Random thoughts on Volcanology

I am currently studying for a Volcanology exam I have in the morning. I’m going to muse about random things we’ve covered in an attempt to know them better.

Magma resevoirs

Magma reservoirs are continuous regions of magma , and serve as the magmatic source for volcanism. Resevoirs are made up of two key components: the magma chamber, and the magma mush. Typically magma reservoirs are described or depicted simply as a magma chamber, but within what people commonly view as the chamber, there is a zone called the mush.

The magma chamber is the zone where eruptable magma is stored, eruptable meaning a non-rigid supply of magma. Generally, if the composition of the magma contains less than 50% crystals, it is considered part of the magma chamber.

The magma mush zone exists where the magma is rigid with greater than 50% crystal content. In the image below, the magma mush is represented by where the crystals are settling.

Volume and size of magma reservoirs can be estimated by measuring the volume of eruptions in the form of lava and pyroclastic deposits. Both lava and pyroclastics were once magma within the chamber. Lava measurements are 1:1 when inferring volume of magma, converting a measurement of pyroclastic however, is more complicated.

Taking measurements of pyroclastic deposits and turning them into value of magma volume requires using the dense rock equation; (volume of pyroclastic deposit) x [(density of pyroclastics)/(density of magma)].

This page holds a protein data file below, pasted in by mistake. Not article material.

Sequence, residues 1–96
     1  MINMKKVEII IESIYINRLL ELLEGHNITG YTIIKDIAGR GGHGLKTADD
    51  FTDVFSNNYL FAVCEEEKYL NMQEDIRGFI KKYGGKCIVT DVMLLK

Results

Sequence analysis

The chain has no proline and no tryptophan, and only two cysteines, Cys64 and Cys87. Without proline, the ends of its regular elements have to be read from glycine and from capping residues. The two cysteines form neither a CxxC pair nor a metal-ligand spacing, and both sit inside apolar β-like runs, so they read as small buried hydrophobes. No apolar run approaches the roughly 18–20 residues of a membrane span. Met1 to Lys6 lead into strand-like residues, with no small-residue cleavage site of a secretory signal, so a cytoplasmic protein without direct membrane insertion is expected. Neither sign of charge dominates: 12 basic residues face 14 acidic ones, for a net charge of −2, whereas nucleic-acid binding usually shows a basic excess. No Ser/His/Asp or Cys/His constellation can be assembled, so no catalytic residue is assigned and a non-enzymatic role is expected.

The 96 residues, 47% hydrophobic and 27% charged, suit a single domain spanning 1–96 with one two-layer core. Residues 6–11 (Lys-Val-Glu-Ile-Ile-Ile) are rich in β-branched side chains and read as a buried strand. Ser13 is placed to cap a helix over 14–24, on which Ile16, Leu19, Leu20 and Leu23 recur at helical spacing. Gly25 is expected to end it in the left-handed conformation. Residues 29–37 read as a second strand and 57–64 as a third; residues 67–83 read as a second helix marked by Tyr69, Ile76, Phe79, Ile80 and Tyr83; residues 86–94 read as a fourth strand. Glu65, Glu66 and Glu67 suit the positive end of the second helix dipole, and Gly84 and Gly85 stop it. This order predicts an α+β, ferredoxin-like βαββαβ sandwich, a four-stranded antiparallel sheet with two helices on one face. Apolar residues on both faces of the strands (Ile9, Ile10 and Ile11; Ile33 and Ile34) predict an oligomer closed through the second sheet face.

Indirect measurements of magma reservoirs can be made by studying seismic waves in a few ways. One way is  through the observation seismic wave attenuation. Attenuation meaning the weakening of a force, this basically means observing when seismic waves slow down as they pass through the earth. Waves will become attenuated when they pass through a magma reservoir because the magma is a liquid. Seismic waves travel faster through country rock than molten rock.

This also means that magma reservoirs can be detected by locating anomalies in seismic reflections, again because of the properties of solid vs. liquid.

The more interesting way to infer size of magma reservoirs is by analysis of earthquake foci (aka the hypocenter or the spot within the earth, at depth, below the epicenter). Earthquakes only occur where brittle deformation can take place, meaning no liquids. As volcanoes typically occur in seismically active places and can causes earthquakes themselves, you can use that information to map a magma reservoir.

The beginning of the class was focused a lot of magma compositions and tectonic settings while this part of the class has focused on eruption types. So the above may seem a little out of place but it fits.

Here’s some eruption classification junk:

Volcanic eruptions can be broadly split into effusive and explosive eruptions. Effusive meaning non-explosive while explosive eruptions are rather self-explanatory. Within explosive eruptions there are Phreatomagmatic eruptions which are explosive eruptions caused by the violent interaction between magma and some external water source.

To get more descriptive there is also the Lacroix classification system that classifies eruptions by comparing them against iconic eruption types.

Hawaiian Eruptions and predominantly effusive, with lava fountaining common and primarily basaltic lavas/magma.

Strombolian Eruptions are moderate, discrete eruptions with lavas/magmas ranging from basaltic to andesitic in composition.

Violent Strombolian Eruptions are similar to Strombolian except that they have moderate sustained explosions and have a sustained ash plume.